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Let the Foreigners tribuls work

Sentinel Digital DeskBy : Sentinel Digital Desk

  |  25 April 2016 12:00 AM GMT

The politics over illegal migrants in Assam has become so warped that it has made an utter mockery of the official machinery mandated by law to detect foreigners. The way Foreigners tribuls in the State are functioning indicates a determined agenda of the powers-be to keep the tribuls permanently hamstrung and useless. Last year, the number of tribuls was increased from 36 to 100 to deal with increasing number of cases related to alleged foreigners. But till date, many tribuls are yet to get any infrastructure worth the me. Some continue to remain headless with still no chairperson appointed, others lack members and staff. Then there are tribuls which have no official buildings to work from. Virtually leading a hand-to-mouth existence, these tribuls are dependent on deputy commissioners to sanction funds for each and every requirement, however trivial. With such handicaps, small wonder then that 2.22 lakh cases related to alleged foreigners are pending in the Foreigners tribuls. Many such disturbing facts came out in a brainstorming session during a 2-day training programme beginning on Saturday for members of Foreigners tribuls and border SPs, organized by the Judicial Academy, Assam and the State Home and Political department. Serving and retired judges addressed the session, pointing out shortcomings galore in the process of identifying and detecting foreigners. State Chief Secretary VK Pipersenia and other top administration and police officials too candidly admitted the gaping holes in the system. More than three decades have gone by since the Assam Accord was signed after a six-year agitation against foreigners. The Central government then tweaked the citizenship law and ected the IM(DT) Act which made it all but impossible to detect and deport foreigners. It was left for Justice Ujjal Bhuyan, member of Gauhati High Court’s special bench, to point out during Saturday’s programme that though the Supreme Court struck down the IM(DT) Act in 2005, the Central and State governments still have not gotten around to transfer around 2.06 lakh cases pending with the IM(DT) screening committee to the Foreigners tribuls.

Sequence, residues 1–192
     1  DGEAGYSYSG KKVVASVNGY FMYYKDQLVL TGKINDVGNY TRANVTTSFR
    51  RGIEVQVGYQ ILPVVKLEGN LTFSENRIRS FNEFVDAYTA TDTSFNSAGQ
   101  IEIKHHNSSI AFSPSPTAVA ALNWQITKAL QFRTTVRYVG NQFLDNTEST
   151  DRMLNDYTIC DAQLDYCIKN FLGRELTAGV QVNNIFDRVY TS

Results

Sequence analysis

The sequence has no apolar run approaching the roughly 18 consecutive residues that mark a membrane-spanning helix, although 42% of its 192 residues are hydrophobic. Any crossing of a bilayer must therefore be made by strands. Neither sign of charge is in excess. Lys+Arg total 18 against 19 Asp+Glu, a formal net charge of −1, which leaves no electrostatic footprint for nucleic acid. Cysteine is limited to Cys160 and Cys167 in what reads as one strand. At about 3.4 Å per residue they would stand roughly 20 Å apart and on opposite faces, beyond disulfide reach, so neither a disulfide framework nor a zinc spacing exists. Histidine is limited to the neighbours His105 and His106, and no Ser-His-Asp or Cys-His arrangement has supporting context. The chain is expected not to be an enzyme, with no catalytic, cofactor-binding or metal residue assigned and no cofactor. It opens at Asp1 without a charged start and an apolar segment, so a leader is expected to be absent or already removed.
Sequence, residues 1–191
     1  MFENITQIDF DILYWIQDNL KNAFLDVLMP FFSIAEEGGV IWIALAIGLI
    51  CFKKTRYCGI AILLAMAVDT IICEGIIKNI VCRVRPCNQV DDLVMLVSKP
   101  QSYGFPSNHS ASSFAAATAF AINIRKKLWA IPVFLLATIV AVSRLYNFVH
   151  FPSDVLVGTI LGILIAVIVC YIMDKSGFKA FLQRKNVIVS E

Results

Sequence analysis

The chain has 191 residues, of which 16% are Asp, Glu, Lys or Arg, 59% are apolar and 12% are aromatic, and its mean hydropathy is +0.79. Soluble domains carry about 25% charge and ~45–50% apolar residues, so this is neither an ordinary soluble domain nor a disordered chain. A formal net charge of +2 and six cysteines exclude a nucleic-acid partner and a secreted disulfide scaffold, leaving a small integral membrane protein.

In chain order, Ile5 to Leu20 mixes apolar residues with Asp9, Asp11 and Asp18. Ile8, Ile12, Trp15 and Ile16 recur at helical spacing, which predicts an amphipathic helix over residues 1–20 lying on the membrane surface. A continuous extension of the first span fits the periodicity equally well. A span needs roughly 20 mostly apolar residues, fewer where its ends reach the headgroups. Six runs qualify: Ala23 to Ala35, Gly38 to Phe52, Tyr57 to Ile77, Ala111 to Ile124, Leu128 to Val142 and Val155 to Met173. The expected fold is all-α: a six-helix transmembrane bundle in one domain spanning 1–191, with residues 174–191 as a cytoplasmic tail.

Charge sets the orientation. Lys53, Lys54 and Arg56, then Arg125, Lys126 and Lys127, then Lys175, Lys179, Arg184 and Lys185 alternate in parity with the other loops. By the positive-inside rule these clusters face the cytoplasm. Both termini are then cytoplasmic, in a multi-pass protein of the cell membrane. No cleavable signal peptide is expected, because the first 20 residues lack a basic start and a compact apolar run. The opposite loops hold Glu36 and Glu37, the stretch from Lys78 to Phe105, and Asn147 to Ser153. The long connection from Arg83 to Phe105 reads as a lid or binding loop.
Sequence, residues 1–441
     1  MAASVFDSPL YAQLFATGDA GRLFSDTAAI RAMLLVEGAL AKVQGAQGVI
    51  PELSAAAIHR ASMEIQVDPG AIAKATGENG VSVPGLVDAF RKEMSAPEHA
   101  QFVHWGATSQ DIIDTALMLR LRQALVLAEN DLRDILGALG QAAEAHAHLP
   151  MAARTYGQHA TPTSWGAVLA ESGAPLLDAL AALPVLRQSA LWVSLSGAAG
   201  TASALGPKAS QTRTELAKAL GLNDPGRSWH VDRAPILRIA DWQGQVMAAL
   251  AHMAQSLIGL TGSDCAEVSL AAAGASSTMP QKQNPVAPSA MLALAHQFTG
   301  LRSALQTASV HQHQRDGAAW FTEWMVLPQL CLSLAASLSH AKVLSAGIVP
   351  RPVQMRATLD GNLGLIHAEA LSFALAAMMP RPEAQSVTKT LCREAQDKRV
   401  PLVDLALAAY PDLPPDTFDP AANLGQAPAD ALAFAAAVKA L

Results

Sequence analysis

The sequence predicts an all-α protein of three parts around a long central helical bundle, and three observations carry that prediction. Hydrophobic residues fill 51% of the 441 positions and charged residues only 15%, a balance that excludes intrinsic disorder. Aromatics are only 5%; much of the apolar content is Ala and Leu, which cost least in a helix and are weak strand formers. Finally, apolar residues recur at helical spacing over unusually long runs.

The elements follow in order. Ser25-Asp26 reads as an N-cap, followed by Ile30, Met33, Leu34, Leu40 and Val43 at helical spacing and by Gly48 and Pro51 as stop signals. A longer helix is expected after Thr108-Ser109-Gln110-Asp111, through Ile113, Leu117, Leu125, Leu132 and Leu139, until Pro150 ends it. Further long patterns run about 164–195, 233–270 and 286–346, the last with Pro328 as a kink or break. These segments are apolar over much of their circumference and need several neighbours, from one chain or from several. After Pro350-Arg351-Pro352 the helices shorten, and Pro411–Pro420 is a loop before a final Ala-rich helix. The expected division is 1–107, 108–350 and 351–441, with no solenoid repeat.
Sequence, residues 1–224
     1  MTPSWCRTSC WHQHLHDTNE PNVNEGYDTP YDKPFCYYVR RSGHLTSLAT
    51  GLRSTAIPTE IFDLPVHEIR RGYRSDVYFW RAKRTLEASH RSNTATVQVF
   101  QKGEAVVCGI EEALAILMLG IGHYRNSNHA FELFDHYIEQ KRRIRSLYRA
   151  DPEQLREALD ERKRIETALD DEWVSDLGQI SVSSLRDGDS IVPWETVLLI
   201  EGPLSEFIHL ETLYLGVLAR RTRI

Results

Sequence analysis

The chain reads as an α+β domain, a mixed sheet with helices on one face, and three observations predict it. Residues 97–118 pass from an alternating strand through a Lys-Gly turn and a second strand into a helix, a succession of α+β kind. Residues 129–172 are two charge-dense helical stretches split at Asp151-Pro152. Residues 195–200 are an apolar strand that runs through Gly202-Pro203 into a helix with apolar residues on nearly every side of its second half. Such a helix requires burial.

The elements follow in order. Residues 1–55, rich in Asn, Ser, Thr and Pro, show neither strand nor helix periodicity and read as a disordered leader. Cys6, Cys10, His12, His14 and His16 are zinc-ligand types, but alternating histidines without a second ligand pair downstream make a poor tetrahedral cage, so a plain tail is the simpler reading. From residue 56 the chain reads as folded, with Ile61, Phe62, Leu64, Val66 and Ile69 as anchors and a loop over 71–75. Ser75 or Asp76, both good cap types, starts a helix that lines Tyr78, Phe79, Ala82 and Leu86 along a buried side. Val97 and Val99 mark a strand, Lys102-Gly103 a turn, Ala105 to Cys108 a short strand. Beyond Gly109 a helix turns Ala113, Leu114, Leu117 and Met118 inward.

Of course, it is another matter whether the tribuls, kept deliberately toothless, will be able to do justice to the additiol load if it does get transferred some day. And what happened to the nearly 38,000 persons identified by the tribuls as foreigners? They are all evading the long arm of the law with impunity, with the State government apparently clueless and helpless. One such declared foreigner Kamaluddin with a Pakistani passport, who was deported to Bangladesh, had the gall to slip right back to Assam and contest as an electoral candidate in the Jamumukh constituency in 1996. The situation has long ago come to such a pass that politicians leading the government dare not put a figure to the actual number of Bangladeshi aliens living in Assam. Back in 1992, the then chief minister Hiteswar Saikia after stating in the Assembly that there ‘between 20-30 lakh Bangladeshi infiltrators in Assam’ — was made to eat his words when Abdul Muhib Mazumdar of his own party issued dire threats of throwing out his government ‘in five minutes’. Five years later in 1997, the then Union Home minister Indrajit Gupta stated in Parliament that there were 1 crore illegal foreigners in the country. Then in July 2004, the then UPA government’s Minister of State for Home Affairs informed Parliament that, as on December 31, 2001, over 1.2 crore illegal Bangladeshi migrants were living in 17 states and union territories, of which 50 lakh were residing in Assam. Within a week, Jaiswal retracted his statement as ‘unreliable and based on mere hearsay’, with observers attributing his volte-face to the political heat generated in Assam due to his statement. It is now high time for the Central government to hold the next government of Assam to account in properly equipping the Foreigners tribuls, and allowing the tribuls to function without undermining them slyly. The last word should go to Justice Ujjal Bhuyan who rightly commented that the problem of infiltration bears serious implications for the country’s integrity and security, and should therefore be tackled with constitutiol rather than political means.

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